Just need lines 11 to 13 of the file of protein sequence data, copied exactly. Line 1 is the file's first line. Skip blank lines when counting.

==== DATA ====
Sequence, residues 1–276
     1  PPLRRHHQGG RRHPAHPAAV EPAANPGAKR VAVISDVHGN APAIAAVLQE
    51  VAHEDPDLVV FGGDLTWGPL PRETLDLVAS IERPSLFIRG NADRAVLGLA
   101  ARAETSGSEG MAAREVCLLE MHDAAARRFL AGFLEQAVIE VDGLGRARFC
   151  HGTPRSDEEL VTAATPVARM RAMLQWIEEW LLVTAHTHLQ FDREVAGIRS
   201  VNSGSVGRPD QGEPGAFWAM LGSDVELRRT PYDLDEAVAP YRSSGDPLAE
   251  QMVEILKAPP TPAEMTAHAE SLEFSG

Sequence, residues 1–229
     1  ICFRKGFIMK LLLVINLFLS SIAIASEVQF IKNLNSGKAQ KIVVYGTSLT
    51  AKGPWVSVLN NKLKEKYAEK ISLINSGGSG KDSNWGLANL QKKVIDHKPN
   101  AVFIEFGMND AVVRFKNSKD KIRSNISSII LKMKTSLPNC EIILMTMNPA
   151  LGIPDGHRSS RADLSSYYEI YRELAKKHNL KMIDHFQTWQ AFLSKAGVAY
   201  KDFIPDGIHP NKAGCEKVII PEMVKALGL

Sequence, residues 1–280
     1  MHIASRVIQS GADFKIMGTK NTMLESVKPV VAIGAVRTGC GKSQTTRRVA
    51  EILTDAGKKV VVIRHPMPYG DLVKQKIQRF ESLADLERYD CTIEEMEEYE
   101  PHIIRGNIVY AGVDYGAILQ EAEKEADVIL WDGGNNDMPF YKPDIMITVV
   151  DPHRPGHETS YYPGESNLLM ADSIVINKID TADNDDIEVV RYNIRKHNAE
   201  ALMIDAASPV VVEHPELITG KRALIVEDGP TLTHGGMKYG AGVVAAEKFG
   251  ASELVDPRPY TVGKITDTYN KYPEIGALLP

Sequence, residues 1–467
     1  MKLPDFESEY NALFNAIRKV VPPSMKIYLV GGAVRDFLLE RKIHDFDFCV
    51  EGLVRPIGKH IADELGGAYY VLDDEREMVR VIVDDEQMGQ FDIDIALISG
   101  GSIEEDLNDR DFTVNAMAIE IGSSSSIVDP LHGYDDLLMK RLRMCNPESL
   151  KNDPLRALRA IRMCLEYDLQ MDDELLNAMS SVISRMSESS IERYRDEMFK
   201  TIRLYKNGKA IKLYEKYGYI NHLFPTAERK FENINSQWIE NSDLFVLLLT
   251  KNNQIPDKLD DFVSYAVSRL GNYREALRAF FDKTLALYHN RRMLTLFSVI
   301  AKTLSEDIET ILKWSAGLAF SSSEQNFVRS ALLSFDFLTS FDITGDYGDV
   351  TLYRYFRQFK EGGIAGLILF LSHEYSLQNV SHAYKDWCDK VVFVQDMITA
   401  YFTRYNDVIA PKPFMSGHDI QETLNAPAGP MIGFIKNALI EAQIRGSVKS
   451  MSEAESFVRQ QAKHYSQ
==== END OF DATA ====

   101  AVFIEFGMND AVVRFKNSKD KIRSNISSII LKMKTSLPNC EIILMTMNPA
   151  LGIPDGHRSS RADLSSYYEI YRELAKKHNL KMIDHFQTWQ AFLSKAGVAY
   201  KDFIPDGIHP NKAGCEKVII PEMVKALGL